Though many people may first think of his Havana home first, Ernest Hemingway had just as much success and memories placed in his Cuban-influenced Key West home, as well. Here in this 19th century Spanish Colonial you will find several authentic Spanish antiques, family furniture, and even the Royal typewriter Hemingway loved to use. This is the iconic spot in which For Whom the Bell Tolls and Green Hills were written, and outside you will have the added bonus of being greeted by 40-50 feral cats said to have 6 toes, as Hemingway’s own favorite cat did.


  • Emerson and Hawthorne's Old Manse - Concord, MA
    Old Manse is definitely up there as one of the most famous literary homes in the United States, this house in Concord being a favorite stay for Ralph Waldo Emerson, as well as a long-time home for Nathaniel Hawthorne and his wife. The American Transcendentalist Movement began here during a period in which Emerson wrote his now-famous Nature piece, and even Henry David Thoreau got in on the action at this house, doing the landscaping outside for his dear newlywed Hawthorne friends.


  • Harriet Beecher Stowe Center - Hartford, CT
    Another Connecticut classic home we can’t leave out of our list belongs to the author of the highly acclaimed American classic Uncle Tom’s Cabin, the Harriet Beecher Stowe Center and Museum. This is the home that Stowe bought with her royalties from the wildly popular book, though today it is mostly known for its frequent features on popular ‘haunted’ TV shows, such as SyFy’s Ghost Hunters. Is it really haunted, though? See for yourself!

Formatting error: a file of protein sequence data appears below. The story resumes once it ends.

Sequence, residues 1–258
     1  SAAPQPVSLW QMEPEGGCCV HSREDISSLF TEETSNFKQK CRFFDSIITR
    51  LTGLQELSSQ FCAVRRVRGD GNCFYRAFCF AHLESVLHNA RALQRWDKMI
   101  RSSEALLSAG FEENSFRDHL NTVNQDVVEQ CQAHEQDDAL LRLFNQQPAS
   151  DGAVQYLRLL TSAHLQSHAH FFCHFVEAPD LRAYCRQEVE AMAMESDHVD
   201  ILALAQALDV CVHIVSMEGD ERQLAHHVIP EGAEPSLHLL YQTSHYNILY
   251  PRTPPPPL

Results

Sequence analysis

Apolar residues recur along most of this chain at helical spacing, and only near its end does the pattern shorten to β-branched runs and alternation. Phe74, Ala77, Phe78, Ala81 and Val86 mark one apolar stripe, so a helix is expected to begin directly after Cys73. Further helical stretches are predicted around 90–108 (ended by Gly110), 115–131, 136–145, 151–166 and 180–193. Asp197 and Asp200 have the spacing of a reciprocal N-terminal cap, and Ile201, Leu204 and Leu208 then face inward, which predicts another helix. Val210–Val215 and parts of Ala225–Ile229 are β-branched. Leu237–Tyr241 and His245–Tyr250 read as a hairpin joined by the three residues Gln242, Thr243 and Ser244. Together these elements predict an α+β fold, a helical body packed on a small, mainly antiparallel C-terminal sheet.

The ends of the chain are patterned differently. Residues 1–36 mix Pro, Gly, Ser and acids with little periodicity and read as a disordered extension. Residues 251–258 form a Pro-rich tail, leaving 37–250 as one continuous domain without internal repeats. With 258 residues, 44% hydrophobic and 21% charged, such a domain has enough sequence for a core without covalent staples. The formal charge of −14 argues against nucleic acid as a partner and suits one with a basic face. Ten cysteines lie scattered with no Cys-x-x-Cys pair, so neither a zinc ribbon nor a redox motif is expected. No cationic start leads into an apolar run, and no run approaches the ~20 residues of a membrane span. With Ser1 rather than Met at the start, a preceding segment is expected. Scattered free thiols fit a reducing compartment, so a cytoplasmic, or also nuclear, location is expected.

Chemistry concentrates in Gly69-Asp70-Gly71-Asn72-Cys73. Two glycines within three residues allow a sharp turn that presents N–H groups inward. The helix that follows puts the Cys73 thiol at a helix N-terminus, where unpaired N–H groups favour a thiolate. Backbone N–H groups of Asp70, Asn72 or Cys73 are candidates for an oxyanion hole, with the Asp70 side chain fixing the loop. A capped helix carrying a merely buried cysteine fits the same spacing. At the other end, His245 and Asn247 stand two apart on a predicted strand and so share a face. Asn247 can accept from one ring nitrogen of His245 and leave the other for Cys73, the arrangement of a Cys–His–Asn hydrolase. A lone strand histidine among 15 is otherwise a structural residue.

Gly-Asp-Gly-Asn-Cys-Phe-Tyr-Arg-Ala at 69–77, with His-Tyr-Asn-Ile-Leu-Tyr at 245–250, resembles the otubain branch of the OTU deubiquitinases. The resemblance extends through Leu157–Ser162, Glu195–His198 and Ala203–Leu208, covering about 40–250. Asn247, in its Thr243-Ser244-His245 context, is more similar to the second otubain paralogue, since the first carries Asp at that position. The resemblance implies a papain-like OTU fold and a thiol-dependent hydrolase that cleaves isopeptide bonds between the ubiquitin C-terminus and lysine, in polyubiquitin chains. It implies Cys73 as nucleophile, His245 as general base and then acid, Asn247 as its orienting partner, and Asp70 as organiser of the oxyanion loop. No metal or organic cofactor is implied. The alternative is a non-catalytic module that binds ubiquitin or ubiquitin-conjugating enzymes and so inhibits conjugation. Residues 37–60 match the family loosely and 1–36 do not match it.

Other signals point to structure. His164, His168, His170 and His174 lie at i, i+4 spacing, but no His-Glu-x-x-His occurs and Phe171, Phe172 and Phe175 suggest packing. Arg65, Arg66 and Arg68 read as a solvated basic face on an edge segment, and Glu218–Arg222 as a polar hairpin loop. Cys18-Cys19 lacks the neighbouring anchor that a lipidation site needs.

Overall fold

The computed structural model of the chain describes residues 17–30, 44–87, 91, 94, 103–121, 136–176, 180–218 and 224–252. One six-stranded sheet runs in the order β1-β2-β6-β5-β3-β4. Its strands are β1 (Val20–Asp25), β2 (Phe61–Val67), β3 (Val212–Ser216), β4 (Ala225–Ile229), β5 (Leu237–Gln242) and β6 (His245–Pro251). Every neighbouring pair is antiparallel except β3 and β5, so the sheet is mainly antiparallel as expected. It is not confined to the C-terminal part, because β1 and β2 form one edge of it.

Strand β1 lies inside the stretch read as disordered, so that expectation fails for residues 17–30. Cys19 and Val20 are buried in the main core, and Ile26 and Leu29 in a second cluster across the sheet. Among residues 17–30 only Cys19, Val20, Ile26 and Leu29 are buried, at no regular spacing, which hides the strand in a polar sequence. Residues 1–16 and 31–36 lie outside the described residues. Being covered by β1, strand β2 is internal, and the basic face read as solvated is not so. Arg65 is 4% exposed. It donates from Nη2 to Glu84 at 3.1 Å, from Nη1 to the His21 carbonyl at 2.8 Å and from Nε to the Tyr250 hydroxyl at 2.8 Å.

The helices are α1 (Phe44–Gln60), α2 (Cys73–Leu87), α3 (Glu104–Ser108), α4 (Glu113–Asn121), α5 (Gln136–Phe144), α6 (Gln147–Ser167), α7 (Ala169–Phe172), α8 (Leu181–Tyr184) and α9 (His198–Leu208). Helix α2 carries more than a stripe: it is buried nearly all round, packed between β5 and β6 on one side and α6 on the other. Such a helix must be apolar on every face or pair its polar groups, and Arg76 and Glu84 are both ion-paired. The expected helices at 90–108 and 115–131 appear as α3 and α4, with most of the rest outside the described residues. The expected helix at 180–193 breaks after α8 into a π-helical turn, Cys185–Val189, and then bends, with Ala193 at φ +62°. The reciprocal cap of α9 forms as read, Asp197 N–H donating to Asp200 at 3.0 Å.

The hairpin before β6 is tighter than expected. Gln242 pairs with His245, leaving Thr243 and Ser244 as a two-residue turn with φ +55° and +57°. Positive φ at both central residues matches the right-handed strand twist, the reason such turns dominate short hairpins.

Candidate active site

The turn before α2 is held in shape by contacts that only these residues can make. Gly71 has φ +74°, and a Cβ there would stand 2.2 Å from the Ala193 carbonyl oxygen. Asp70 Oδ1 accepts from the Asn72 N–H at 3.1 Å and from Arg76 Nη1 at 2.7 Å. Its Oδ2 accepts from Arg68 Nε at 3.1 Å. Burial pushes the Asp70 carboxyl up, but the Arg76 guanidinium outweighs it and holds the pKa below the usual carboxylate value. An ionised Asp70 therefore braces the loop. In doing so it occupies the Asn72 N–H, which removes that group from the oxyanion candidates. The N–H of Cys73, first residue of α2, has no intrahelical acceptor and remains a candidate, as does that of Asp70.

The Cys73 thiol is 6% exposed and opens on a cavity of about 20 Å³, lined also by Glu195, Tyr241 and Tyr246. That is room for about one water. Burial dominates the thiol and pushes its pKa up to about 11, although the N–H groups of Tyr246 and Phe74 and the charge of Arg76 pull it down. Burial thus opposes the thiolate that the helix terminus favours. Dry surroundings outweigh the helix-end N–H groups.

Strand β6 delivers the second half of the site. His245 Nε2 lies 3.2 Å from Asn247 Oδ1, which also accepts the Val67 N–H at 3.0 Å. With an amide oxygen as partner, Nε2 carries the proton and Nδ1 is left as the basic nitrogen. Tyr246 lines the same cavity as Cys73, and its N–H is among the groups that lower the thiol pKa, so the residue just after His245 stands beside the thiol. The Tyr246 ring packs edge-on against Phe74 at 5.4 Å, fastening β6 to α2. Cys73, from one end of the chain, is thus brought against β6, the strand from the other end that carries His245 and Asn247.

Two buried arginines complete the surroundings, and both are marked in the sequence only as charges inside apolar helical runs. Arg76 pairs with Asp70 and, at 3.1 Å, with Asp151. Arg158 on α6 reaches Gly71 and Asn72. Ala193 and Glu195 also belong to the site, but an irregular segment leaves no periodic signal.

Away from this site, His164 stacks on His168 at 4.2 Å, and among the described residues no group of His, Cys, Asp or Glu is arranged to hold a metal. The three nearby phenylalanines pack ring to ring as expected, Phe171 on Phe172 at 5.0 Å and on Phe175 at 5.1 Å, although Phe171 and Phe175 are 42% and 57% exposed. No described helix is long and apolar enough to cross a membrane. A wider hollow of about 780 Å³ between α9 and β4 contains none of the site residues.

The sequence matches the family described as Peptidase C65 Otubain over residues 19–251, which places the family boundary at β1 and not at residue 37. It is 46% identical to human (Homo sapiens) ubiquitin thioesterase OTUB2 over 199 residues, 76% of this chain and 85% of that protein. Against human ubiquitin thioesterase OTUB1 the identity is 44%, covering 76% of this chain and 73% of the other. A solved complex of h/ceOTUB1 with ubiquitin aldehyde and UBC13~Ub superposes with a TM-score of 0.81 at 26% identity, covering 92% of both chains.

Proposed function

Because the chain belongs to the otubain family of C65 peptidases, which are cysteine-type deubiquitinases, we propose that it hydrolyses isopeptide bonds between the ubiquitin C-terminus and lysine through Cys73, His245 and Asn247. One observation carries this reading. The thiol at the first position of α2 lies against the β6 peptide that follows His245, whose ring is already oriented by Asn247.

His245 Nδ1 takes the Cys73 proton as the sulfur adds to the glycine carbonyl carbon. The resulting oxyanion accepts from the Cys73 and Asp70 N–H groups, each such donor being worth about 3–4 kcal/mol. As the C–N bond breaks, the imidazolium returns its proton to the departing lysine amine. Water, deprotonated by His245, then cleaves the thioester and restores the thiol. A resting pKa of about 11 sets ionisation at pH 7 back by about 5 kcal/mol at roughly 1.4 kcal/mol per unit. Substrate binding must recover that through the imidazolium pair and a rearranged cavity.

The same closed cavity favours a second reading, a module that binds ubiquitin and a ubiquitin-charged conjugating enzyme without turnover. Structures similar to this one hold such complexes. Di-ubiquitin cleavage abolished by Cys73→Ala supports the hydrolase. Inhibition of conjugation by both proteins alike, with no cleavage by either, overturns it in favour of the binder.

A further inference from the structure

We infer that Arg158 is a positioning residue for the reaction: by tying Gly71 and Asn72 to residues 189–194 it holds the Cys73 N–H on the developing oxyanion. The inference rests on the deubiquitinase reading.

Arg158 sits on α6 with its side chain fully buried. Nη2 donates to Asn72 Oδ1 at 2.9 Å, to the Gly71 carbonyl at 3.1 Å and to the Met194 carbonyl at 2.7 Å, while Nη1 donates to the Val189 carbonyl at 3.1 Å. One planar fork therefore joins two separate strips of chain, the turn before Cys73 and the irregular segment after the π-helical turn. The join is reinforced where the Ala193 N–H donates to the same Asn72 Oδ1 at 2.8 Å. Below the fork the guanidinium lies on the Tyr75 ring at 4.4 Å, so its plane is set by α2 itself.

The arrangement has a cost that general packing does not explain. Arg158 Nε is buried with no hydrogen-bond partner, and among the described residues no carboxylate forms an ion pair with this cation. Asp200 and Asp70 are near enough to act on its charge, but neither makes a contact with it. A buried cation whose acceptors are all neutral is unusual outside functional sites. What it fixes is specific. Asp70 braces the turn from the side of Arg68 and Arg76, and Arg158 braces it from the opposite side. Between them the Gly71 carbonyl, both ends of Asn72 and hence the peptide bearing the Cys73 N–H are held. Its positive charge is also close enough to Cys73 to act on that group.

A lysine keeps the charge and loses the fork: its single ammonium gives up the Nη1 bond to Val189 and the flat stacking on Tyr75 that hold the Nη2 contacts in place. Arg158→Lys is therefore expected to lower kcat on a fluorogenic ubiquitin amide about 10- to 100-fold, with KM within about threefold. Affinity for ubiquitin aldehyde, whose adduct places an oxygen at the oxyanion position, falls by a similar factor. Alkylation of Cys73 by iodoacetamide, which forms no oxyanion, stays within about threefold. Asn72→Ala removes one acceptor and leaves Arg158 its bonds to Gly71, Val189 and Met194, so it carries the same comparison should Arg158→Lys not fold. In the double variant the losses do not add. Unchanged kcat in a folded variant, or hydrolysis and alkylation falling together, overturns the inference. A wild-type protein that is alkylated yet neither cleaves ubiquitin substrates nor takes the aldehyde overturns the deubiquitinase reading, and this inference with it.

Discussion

• Laura Ingalls Wilder - Mansfield, MO
    A personal favorite of ours, the Laura Ingalls Wilder Home and Farm in Mansfield, Missouri. This beautifully rustic Missouri classic home is where Laura began all of her famously beloved stories, at the young age of 65. It will be easy to see where all of her natural inspiration came from during her writing as you take a guided tour of the home and grounds, the entire property a great testament to the woman and her life.


  • Edgar Allan Poe Cottage - Bronx, NY
    Get into the New York state of mind for this next literary must-stop, a small cottage in the Bronx owned by Mr. Edgar Allan Poe himself. This comparably small home has comparably large memories held within it, this being the very spot where the famed Annabel Lee was written, as well as the spot in which Poe’s wife died in bed, the bed viewable during a tour of the place still today. This is a definite must-see for literature lovers!


  • Hawthorne’s House of Seven Gables - Salem, MA
    You’ve had to have heard, or hopefully read, about  The House of Seven Gables by Nathaniel Hawthorne, but did you know you that this is a real place you can actually visit in Salem, Massachusetts? That’s right, you can see for yourself the ‘rusty, wooden house’ with the iconic gables that inspired one of the most popular American novels of its time, both the novel and the home a complete Gothic masterpiece you won’t regret coming to see.